Regional climate modeling suggests the Madison River watershed is likely to experience a 2.16C mean temperature increase by 2059. Cold-water fish species will be highly vulnerable to this climate change if they are unable to access upstream, cold-water refugia currently blocked by human-caused barriers and degraded habitats at mid and low elevations. Since these same riparian areas serve as critical migratory roots for mammals through the Greater Yellowstone Ecosystem, restoring these areas will ensure safe passage for a range of species.
Greater Yellowstone Coalition identified headwater reaches of three tributaries -‐ Ruby Ck., Horse Ck., and West Fork -‐ that are presently too cold to support fish growth, but will be crucial cold-water refuges as temperatures increase. Higher temperatures and more arid conditions are and will continue to reduce high elevation food sources for grizzly bears, making low elevation habitats and linkages increasingly important. CircuitScape modeling identified these same tributaries as key potential connectivity routes for grizzly bears and wolverines between occupied core habitat in the Madison Range and new habitats to the west.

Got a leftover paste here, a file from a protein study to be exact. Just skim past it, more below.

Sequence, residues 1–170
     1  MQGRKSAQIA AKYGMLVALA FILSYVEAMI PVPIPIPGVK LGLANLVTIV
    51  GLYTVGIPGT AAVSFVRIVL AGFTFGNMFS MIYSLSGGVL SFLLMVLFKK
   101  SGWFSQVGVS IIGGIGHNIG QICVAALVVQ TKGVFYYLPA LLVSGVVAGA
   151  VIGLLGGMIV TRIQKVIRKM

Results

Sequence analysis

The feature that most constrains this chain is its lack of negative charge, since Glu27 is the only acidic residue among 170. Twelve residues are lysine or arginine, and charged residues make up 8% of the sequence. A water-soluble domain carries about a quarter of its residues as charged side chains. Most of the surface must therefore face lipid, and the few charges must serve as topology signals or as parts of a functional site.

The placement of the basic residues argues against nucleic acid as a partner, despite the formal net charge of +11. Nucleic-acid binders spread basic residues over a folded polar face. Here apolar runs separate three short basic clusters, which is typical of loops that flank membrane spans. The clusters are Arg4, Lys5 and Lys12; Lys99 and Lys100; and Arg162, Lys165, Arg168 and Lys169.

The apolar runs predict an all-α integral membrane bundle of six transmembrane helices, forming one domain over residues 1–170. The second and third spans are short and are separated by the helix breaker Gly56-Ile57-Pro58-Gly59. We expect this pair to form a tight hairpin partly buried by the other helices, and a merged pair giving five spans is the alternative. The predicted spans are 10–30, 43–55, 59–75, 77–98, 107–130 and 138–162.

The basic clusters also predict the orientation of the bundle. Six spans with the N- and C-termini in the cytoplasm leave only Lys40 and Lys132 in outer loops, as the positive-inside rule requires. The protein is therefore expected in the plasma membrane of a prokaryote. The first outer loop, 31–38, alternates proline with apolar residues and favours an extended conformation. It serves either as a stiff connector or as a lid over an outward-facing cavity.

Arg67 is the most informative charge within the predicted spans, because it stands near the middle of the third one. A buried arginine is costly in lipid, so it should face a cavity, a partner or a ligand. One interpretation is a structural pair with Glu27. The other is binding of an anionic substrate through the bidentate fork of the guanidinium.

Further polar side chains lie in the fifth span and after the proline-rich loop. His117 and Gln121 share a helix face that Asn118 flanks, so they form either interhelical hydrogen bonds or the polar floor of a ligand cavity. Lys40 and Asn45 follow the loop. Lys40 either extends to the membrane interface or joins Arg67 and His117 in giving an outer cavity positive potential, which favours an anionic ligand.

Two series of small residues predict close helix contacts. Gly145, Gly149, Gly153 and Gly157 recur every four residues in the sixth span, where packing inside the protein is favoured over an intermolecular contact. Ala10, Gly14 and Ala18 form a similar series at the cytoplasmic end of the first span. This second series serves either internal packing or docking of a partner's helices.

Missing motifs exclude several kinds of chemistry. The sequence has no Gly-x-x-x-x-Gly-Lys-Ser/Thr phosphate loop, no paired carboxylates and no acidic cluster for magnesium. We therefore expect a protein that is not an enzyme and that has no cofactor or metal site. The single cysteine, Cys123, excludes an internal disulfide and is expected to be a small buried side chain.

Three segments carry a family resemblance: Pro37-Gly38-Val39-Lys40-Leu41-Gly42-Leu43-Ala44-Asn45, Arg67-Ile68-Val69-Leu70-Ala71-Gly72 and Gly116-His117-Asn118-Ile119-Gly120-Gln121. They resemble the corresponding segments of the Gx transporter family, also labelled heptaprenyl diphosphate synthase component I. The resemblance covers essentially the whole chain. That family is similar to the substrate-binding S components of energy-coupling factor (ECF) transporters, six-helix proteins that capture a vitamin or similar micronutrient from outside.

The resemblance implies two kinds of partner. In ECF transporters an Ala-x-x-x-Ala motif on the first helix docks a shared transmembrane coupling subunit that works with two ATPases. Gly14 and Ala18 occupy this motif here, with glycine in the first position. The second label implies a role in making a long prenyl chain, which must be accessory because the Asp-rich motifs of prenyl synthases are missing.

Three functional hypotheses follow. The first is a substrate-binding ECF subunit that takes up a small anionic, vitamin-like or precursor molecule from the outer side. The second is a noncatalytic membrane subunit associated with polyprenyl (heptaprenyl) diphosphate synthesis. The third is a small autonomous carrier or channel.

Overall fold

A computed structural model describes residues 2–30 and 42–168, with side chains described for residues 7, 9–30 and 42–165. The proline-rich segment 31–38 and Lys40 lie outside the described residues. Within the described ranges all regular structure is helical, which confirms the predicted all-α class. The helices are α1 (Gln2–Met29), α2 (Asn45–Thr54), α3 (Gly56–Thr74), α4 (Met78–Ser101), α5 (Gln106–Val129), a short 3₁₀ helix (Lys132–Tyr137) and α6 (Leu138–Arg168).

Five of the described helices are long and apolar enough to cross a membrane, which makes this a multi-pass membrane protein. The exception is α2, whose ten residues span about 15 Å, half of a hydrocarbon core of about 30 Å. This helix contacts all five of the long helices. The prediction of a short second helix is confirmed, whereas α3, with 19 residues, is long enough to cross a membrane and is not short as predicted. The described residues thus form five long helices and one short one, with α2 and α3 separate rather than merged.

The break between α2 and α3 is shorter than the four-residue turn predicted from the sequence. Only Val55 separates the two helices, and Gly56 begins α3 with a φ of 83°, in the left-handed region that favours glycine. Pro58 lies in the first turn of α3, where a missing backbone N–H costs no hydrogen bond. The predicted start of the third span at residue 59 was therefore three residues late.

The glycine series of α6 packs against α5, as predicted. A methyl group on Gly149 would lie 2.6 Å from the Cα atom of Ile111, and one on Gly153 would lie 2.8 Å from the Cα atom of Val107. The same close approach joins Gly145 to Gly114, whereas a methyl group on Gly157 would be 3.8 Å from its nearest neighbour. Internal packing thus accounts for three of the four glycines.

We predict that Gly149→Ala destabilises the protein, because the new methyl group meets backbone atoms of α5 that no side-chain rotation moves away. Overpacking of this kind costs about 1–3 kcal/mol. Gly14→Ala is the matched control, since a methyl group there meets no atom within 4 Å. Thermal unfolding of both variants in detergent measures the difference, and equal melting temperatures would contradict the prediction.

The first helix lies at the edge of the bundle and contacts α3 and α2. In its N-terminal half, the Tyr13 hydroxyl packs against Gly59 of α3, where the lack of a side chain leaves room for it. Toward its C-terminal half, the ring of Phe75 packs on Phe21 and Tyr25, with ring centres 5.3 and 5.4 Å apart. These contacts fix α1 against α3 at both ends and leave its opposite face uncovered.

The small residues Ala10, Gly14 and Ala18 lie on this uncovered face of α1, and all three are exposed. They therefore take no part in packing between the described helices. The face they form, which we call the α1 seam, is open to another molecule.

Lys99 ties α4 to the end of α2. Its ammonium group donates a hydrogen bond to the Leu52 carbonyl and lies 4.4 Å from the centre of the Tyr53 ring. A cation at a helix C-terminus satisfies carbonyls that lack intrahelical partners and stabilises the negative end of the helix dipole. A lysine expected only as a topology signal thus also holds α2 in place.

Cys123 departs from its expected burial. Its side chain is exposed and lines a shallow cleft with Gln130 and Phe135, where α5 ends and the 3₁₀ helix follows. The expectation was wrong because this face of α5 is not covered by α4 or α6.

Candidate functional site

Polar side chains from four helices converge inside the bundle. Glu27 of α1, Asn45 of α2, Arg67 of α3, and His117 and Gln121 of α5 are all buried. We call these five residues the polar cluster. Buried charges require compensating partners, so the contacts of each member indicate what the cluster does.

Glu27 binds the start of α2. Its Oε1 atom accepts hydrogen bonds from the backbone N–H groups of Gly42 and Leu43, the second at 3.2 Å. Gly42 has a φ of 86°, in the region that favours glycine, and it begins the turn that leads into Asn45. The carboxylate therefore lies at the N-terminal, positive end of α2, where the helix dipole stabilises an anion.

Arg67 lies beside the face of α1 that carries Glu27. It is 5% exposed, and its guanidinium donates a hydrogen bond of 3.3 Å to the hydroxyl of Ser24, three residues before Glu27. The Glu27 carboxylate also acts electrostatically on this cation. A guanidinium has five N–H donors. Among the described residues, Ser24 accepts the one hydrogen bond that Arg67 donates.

To improve access to approximately 40 miles of headwater stream habitat and provide more secure riparian cover for rare carnivore movement, Greater Yellowstone Coalition:
1) Revegetated degraded riparian areas and enhance pool/riffle structure using large woody debris treatments throughout the Ruby Creek corridor;
2) Removed a dilapidated irrigation head gate on Horse Creek to allow movement and access to cold-‐water habitat and enhance riparian cover through plantings where vegetation has been degraded by grazing and road-building;
3) Removed a user-created ATV trail from the West Fork stream corridor and restore riparian habitat to reduce sedimentation, lower water temperature and improve carnivore connectivity.